to maintain - multiple classes of resources can be tracked in the same
hierarchy. The max number of hierarchies is a number that's
configurable at compile time.

> Andi Kleen was sufficiently
> paranoid about the space bloat that we were obliged to introduce
> struct nsproxy.

I think that nsproxy would be a good example of something that could
be attached  as a generic container subsystem. I'd need to make a
couple of additions - a way to dynamically create a new container at
fork/unshare time and move the newly unshared process into it, and a
way to auto-delete a container (see below), so I'm not suggesting it
quite yet.

> Process resource control that looks like a good reason to add some
> more unshare flags or some separate syscalls whichever is simpler.
> At least that has a simple user interface that is easy to audit.

There are too many different resources and competing views on resource
control to be able to handle this via a few extra flags, I think.

> Why does any of this code need a user mode helper?  I guess
> because of the complicated semantics this doesn't do proper
> reference counting so you can't implicitly free these things
> on the exit of the last task that uses them.  That isn't the
> unix way and I don't like it.  Way over complicated.

That's there for compatibility with cpusets. I was thinking of adding
an auto-delete option that does queue_work() to trigger a vfs_rmdir()
from the work queue, which would avoid the races that PaulJ was
concerned about. But I can also envisage more exotic cases where
userspace wants to do something more complex (e.g. read some final
accounting values) before deleting the container.


  parent reply	other threads:[~2007-01-02 22:28 UTC|newest]

Thread overview: 36+ messages / expand[flat|nested]  mbox.gz  Atom feed  top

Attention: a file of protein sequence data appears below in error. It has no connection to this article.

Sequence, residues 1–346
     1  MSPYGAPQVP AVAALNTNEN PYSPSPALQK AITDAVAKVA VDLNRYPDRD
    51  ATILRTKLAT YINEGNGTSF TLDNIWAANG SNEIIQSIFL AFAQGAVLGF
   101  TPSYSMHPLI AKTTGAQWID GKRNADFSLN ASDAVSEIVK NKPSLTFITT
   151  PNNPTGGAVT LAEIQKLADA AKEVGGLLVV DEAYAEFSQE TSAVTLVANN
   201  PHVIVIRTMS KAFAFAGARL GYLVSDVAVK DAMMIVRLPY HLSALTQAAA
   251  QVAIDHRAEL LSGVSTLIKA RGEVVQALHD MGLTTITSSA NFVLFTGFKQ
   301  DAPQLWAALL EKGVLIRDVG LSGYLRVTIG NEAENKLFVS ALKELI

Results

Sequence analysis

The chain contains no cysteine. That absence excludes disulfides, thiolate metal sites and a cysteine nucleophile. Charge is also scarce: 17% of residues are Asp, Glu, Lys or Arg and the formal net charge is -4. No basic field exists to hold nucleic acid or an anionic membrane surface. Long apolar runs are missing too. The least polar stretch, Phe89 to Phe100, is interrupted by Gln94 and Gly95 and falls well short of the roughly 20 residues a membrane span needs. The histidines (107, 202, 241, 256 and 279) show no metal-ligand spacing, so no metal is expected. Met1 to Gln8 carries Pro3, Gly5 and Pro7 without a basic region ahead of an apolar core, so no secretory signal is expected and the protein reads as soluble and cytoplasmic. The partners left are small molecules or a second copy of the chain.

2006-12-22 14:14 [PATCH 0/6] containers: Generic Process Containers (V6) Paul Menage
2006-12-22 14:14 ` [PATCH 1/6] containers: Generic container system abstracted from cpusets code Paul Menage
2006-12-30 13:10   ` Eric W. Biederman
2006-12-31  5:17     ` Paul Jackson
2007-01-02 22:15     ` Paul Menage [this message]
2006-12-22 14:14 ` [PATCH 2/6] containers: Cpusets hooked into containers Paul Menage
2006-12-22 14:14 ` [PATCH 3/6] containers: Add generic multi-subsystem API to containers Paul Menage
2007-01-10 15:56   ` [ckrm-tech] " Balbir Singh
2007-01-11 22:53     ` Paul Menage
2007-01-12  6:29       ` Balbir Singh
2007-01-12  8:10         ` Paul Menage
2007-01-12  8:22           ` Balbir Singh
2007-01-20 17:27           ` Balbir Singh
2006-12-22 14:14 ` [PATCH 4/6] containers: Simple CPU accounting container subsystem Paul Menage
2007-01-10 14:21   ` [ckrm-tech] " Balbir Singh
2007-01-12  0:33     ` Paul Menage
2007-01-12  6:24       ` Balbir Singh
2007-01-12  8:15         ` Paul Menage
2007-01-12  8:26           ` Balbir Singh
2007-01-12 17:32             ` Paul Menage
2007-01-15  9:01       ` [PATCH 0/1] Add mount/umount callbacks to containers (Re: [ckrm-tech] [PATCH 4/6] containers: Simple CPU accounting container subsystem) Balbir Singh
2007-01-15  9:04         ` [PATCH 1/1] Fix a panic while mouting containers on powerpc and some other small cleanups " Balbir Singh
2007-01-15  9:22           ` Paul Menage
2007-01-15  9:51             ` [ckrm-tech] [PATCH 1/1] Fix a panic while mouting containers on powerpc and some other small cleanups (Re: " Balbir Singh
2007-01-15 10:01               ` Paul Menage
2007-01-15 10:10                 ` Balbir Singh
2006-12-22 14:14 ` [PATCH 5/6] containers: Resource Groups over generic containers Paul Menage
2006-12-22 14:14 ` [PATCH 6/6] containers: BeanCounters over generic process containers Paul Menage
2006-12-23 19:49   ` Herbert Poetzl
2006-12-24 11:32     ` Paul Menage
2006-12-25 10:16     ` Kirill Korotaev
2006-12-26  0:54       ` Paul Menage
2006-12-25 10:35     ` Pavel Emelianov
2007-01-03 14:43 ` [PATCH 0/6] containers: Generic Process Containers (V6) Serge E. Hallyn
2007-01-05  0:25   ` Paul Menage
2007-01-12 18:42     ` Serge E. Hallyn